When everyone arrived, the short documentary, "This is Darfur: Guisma's Story," was screened. It portrays a little girl, once living in Darfur, Sudan, now living in a Chad refugee camp. Guisma survived a world with death all around her, and lost her home. Many refugees are living in terrible living conditions. Her family wants to return home to Darfur. Something needs to be done about the Janjaweed that performed and are still performing the inhumane tragedies in Sudan, and the man behind the monstrosity, Omar Al-Bashir, needs to be stopped.
According to the Save Darfur Facebook page,
Since February of 2003, the Sudanese government under Omar Al Bashir has been arming and financing Janjaweed militias to murder and rape non-Arab (African) Muslims in the Darfur region of the Sudan. Al Bashir's regime has also routinely conducted air strikes over Darfuri villages and refugee camps.
Stated on the Save Darfur website, "Overall, the UN estimates that roughly 4.7 million people in Darfur (out of a total population of roughly 6 million) are still affected by the conflict."
As a side note, the video below talks about how the Nuba Mountains, near the new North/South border of Sudan are recently being targeted by Omar Al-Bashir.

After the documentary, we signed post cards addressed to Obama and had a discussion. (My boyfriend and friends are much more knowledgeable on these topics! I have much room to learn!) Since the first film was fairly short, we played another documentary, "The Devil Came on Horseback." It's about an American named Brian Steidle that witnessed the horrors of the Darfur Genocide firsthand. It's a powerful movie and I would highly recommend it! The photographs were horrific and sad. It was moving to say the least, and put the genocide and refugees in an understandable context. Many voiced that this documentary impacted them much more greatly than the first one. But I believe both were a good pair to watch together.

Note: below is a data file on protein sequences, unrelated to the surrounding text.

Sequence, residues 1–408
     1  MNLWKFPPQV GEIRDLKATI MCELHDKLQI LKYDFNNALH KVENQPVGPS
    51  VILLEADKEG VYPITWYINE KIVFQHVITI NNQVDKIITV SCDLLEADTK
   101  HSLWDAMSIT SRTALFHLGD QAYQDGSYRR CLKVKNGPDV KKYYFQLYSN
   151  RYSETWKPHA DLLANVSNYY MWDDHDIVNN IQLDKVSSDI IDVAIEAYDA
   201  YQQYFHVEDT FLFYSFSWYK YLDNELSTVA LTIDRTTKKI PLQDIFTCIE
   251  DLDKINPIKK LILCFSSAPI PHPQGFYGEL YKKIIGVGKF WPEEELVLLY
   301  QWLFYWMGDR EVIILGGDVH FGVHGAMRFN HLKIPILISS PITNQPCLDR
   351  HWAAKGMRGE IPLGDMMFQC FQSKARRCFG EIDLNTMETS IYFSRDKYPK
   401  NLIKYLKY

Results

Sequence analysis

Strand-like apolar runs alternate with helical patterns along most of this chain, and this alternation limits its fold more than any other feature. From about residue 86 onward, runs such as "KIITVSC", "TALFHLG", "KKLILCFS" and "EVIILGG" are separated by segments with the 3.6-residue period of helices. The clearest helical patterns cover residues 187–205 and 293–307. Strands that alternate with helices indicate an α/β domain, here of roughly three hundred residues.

I want to thank everyone that came to the movie night. I am truly grateful for the support. =)

Tuesday, July 5, 2011

Roots Extending to Heaven

Hello, my dears!

I want to get as many people interested as possible to come partake in knowledge and know-how thanks to i-ACT , or else you are an oober lame-o, and don't deserve any title above being a super oober lame-o! But if you aren't a lame-o, and are cool and classy, then spread the word if you'd like to come hang out and be a cool cat with friends, learning about Sudan and the happenings in Darfur. Anyone and everyone slightly interested will be invited to chill on a couch and watch a story about a girl in Darfur named Guisma. I haven't seen the whole video yet, but I am eager to watch it, especially with good friends. =)

For years now, Darfur has been trampled with genocide, and displacement and death are still occurring today. According to the i-ACT page, There is "continuous fighting in the area, lack of access by humanitarian organizations, and little to no representation in negotiations has left the average Darfuri citizen in a dangerous limbo–with no end in sight."

Guisma’s eyes have seen what no child should ever see. Her home was destroyed. Brothers and sisters died. Most of her life lived as a refugee, with little hope for a safe and nurturing future — but Guisma still smiles. Guisma is Darfur, bombed and oppressed — but still beautiful and resilient. You have the opportunity to participate in creating a better future for her and all of Darfur. By participating, you shine a light on Guisma and Darfur’s road to peace.

This movie night will happen sometime in the next month, or so. I have signed up, but haven't set a date yet until I know when there's a best available time to do it.

In other news, I finished a mixed media drawing tonight, and I hope you interpret it in any way that inspires you. =)

Tuesday, June 21, 2011

Your iPad, What an Atrocity!